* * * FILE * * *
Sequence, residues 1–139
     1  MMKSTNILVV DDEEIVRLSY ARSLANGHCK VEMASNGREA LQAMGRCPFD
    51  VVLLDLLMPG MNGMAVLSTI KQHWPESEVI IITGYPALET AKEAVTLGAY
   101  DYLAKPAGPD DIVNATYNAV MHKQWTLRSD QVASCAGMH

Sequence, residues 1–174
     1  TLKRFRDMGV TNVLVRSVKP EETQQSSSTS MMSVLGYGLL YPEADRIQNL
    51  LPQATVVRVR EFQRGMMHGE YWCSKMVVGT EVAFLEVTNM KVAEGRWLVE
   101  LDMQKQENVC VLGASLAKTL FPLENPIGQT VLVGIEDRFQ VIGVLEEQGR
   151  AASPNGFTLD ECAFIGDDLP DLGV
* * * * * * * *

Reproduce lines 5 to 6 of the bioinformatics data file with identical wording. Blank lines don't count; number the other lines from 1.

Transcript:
Sequence, residues 1–174
     1  TLKRFRDMGV TNVLVRSVKP EETQQSSSTS MMSVLGYGLL YPEADRIQNL